Who is planning to move to live in Madrid might find this interview useful.
7,985 foreigners from 40 different countries have been recently interviewed about quality and cost of living by InterNations. The ranking with the best cities where to live in, shows Madrid in third place to be considered one of the most “friendly” cities in the world.
We asked to Monica, expat for almost twenty years, how is really living in Madrid.
Let’s meet Monica!
MAMAS AROUND THE WORLD: MONICA, EXPAT IN SPAIN
1. Tell us a little bit about yourself, who you are and where you’re from
I’m Monica, mom of a 4-and-a-half-year-old girl and an 18-month baby. My husband is Spanish and we met up when we both studied in France. I am originally from Crema, a city in the north of Italy, not far from Milan. I studied foreign languages and then I specialized in the international trade sector where I worked until last year. I like everything that is related to knowledge and being in contact with other cultures and this is what I like most about being an expat. Who knows me tells that I always have many ideas but little time to realize them.
2. How long have you lived abroad? And how long have you lived in Madrid?
My expat life began at university almost 20 years ago when I took part in the Erasmus exchange program. I studied in Angers in the pays of the Loire. Then I came back to Italy to finish my studies and then I moved between Spain and France n the following years. I finally ended in Spain in 2005. Since then I lived in the north in the Basque area at the beginning, and then I moved to Andalusia in Seville. In September 2018 I returned to Madrid after having lived there many years before.
3. How is living Madrid day by day and how are Spanish people?
As I said above, I had already lived in Madrid when I was a student, however it’s totally different living in this city as a mother. Obviously I have totally changed routines and places. Anyway, I have to say that Madrid continues to be one of my favorite cities to live in even now that I live here with my family.
Thanks to my long-lasting experience in Spain I can say that Spanish people might be very similar to Italian people, as they share the same philosophy of life. However they aren’t so alike that we can think. They also have their flaws. And their working schedules and school, restaurant and shop hours are even later than the Italians. I confess I haven’t got used yet.
4. How is living in Madrid?
Madrid is a big capital however it is much easier to live than other metropolises such as Paris or London. Firstly because public transport is modern and efficient and you can go quickly everywhere. The weather is quite good, the winter is mild and short compared to the rest of Europe. The summer is certainly very hot however there is a wide range of parks and swimming pools and Sierra is also a few km away.
The cultural offer is very interesting, there are many museums and free activities for children in the cultural centers. There are also many parks and this makes Madrid a great place to enjoy the free time in the family. With these premises I would say that the quality of life is excellent.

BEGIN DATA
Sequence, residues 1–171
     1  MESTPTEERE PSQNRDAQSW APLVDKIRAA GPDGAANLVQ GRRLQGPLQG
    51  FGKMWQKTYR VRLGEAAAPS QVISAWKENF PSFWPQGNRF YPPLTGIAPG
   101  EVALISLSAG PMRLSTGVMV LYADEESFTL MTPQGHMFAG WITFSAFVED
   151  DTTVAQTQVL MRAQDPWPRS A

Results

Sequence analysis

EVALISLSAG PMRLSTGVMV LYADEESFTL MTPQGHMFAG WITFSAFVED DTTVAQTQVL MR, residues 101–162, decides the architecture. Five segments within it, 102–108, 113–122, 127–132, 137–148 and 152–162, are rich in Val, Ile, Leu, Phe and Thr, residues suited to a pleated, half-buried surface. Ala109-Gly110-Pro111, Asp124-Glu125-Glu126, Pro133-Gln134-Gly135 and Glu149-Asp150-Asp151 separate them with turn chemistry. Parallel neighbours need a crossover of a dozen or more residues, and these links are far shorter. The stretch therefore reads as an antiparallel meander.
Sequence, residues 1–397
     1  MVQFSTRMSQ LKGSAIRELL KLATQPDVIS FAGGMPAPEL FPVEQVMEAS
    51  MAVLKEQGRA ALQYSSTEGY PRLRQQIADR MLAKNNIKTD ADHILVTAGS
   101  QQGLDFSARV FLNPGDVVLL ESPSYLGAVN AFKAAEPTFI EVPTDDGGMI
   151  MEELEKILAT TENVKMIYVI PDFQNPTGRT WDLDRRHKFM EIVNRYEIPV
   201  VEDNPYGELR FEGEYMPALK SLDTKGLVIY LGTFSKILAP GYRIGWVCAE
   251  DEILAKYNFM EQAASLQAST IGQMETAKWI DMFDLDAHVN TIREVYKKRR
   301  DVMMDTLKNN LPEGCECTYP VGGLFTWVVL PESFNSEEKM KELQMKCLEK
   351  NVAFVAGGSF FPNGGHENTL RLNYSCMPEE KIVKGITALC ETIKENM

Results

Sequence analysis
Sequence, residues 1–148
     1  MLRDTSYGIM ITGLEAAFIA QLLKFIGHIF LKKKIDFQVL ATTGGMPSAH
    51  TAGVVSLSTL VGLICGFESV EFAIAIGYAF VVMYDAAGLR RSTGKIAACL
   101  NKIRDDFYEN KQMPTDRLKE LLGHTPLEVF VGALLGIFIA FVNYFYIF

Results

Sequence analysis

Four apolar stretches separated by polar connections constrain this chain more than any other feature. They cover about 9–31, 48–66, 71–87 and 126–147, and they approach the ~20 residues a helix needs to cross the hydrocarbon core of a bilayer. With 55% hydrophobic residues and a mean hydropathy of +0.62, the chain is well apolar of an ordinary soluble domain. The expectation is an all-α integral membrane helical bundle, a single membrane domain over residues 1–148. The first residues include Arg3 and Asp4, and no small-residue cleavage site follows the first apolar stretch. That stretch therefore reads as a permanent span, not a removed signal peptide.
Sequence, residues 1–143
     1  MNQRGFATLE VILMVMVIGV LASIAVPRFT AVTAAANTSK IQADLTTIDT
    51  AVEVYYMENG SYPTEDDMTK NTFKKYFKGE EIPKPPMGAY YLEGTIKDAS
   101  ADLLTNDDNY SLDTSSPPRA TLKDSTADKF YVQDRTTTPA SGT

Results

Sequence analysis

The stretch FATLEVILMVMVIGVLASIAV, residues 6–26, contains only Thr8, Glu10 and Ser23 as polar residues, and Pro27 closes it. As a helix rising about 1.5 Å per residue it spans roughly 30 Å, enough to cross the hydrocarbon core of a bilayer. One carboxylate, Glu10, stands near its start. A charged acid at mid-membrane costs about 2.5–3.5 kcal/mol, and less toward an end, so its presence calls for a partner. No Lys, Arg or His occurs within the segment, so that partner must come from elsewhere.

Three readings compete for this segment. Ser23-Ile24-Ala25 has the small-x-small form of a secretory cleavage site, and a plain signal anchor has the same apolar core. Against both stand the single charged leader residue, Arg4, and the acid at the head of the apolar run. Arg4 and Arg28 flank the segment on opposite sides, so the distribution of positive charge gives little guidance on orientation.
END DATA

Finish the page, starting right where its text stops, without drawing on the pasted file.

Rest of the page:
5. Tell us about the difficulties you have met so far since you live in Madrid
I would say that the biggest difficulty I’ve had since my last move is definitely to make new friends. When you move to another city for a job or to study, you have many possibilities to make new friends. Coming here as a mother of two little children was not easy from this point of view. Fortunately thanks to social media, I’m knowing some moms like me and I hope to be able to feel less alone.
It’s not easy being mum, and living abroad makes it more complicated. We are free of the often unsolicited judgments of friends and relatives, however we are deprived of a precious help in the care of children that often would be really comfortable. As we often say, being mum abroad means 24/24 and 7 days out of 7.
7. Can you tell us your opinion about schools, healthcare and parental assistance in Madrid?
Here in Madrid there is a wide choice of schools. We have many good public schools, most of them are bilingual Spanish and English. There are also some private schools and international schools. Nurseries are generally private and expensive.
In my opinion the Spanish health care works well. I have never had any problems with access to basic physicians, pediatrician or specialist consults. There is also the private health that allows you to have an interesting policy at affordable prices for the whole family.
With regard to incentives for parents there is currently no state aid for the birth of a child.
8. Do you miss Italy? Do you want to come back?
I miss Italy, especially family or some places of the heart. However, after nearly 20 years abroad, I do not know I could go back to live in Italy anymore. I can’t stand the bureaucracy and our politics. Anyway, whenever I can, I flow back to Italy because I want my children to know and appreciate the beautiful things of my country.
9. Is there something I didn’t ask you and would you like to tell us?
I would add that life abroad isn’t all peaches and dandelions. When you decide to leave your country, you have to be ready to be self-sufficient for everything, not only economically. You can’t rely on anyone except yourself and there won’t be groundparents around to give relief even for just a couple of hours a week. You will need a lot of physical energy and inner strength.
I leave below the direct links to all the other interviews with mamas around the world:
- Cristina, mom and psychotherapist in London
- Wanda from Sweden
- Maria Giulia from Antibes
- Olympia from Dubai
- Clare from Zurich
- Raimonda from Scotland
- Paola from Cambridge, UK
Thanks Monica! I visited Madrid just once and I got a very good impression… now I want to come back! And if you want to continue to have information about Madrid, follow Monica on Instagram.